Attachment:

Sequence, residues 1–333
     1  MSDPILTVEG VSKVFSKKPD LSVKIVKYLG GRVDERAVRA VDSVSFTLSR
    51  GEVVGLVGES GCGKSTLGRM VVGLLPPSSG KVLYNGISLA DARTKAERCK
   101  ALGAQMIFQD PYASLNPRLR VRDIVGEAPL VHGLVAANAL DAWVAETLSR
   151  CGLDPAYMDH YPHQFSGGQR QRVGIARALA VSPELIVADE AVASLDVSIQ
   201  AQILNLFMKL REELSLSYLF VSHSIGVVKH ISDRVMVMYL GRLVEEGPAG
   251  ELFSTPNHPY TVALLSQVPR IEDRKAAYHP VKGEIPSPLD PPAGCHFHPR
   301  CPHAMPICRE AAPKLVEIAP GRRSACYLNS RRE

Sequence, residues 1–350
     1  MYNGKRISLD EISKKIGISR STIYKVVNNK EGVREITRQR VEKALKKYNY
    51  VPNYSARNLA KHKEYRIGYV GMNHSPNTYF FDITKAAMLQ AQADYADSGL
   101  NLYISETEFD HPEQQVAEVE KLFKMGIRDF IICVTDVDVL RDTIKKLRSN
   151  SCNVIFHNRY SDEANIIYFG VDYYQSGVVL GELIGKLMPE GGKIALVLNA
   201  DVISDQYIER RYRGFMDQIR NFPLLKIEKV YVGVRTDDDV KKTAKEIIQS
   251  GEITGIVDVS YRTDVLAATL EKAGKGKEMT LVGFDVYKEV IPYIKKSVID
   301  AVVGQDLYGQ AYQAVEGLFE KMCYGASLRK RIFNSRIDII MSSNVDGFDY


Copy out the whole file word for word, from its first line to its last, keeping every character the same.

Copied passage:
Sequence, residues 1–333
     1  MSDPILTVEG VSKVFSKKPD LSVKIVKYLG GRVDERAVRA VDSVSFTLSR
    51  GEVVGLVGES GCGKSTLGRM VVGLLPPSSG KVLYNGISLA DARTKAERCK
   101  ALGAQMIFQD PYASLNPRLR VRDIVGEAPL VHGLVAANAL DAWVAETLSR
   151  CGLDPAYMDH YPHQFSGGQR QRVGIARALA VSPELIVADE AVASLDVSIQ
   201  AQILNLFMKL REELSLSYLF VSHSIGVVKH ISDRVMVMYL GRLVEEGPAG
   251  ELFSTPNHPY TVALLSQVPR IEDRKAAYHP VKGEIPSPLD PPAGCHFHPR
   301  CPHAMPICRE AAPKLVEIAP GRRSACYLNS RRE

Sequence, residues 1–350
     1  MYNGKRISLD EISKKIGISR STIYKVVNNK EGVREITRQR VEKALKKYNY
    51  VPNYSARNLA KHKEYRIGYV GMNHSPNTYF FDITKAAMLQ AQADYADSGL
   101  NLYISETEFD HPEQQVAEVE KLFKMGIRDF IICVTDVDVL RDTIKKLRSN
   151  SCNVIFHNRY SDEANIIYFG VDYYQSGVVL GELIGKLMPE GGKIALVLNA
   201  DVISDQYIER RYRGFMDQIR NFPLLKIEKV YVGVRTDDDV KKTAKEIIQS
   251  GEITGIVDVS YRTDVLAATL EKAGKGKEMT LVGFDVYKEV IPYIKKSVID
   301  AVVGQDLYGQ AYQAVEGLFE KMCYGASLRK RIFNSRIDII MSSNVDGFDY